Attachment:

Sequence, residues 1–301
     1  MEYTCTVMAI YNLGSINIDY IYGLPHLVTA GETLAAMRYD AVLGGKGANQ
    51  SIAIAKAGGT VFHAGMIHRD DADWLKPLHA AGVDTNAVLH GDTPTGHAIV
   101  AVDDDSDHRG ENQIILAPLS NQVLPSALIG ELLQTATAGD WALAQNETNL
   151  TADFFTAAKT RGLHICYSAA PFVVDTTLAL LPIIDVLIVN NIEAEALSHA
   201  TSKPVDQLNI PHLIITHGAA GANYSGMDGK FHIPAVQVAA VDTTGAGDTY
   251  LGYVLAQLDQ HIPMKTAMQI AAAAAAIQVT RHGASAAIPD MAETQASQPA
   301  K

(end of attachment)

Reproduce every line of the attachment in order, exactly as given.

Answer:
Sequence, residues 1–301
     1  MEYTCTVMAI YNLGSINIDY IYGLPHLVTA GETLAAMRYD AVLGGKGANQ
    51  SIAIAKAGGT VFHAGMIHRD DADWLKPLHA AGVDTNAVLH GDTPTGHAIV
   101  AVDDDSDHRG ENQIILAPLS NQVLPSALIG ELLQTATAGD WALAQNETNL
   151  TADFFTAAKT RGLHICYSAA PFVVDTTLAL LPIIDVLIVN NIEAEALSHA
   201  TSKPVDQLNI PHLIITHGAA GANYSGMDGK FHIPAVQVAA VDTTGAGDTY
   251  LGYVLAQLDQ HIPMKTAMQI AAAAAAIQVT RHGASAAIPD MAETQASQPA
   301  K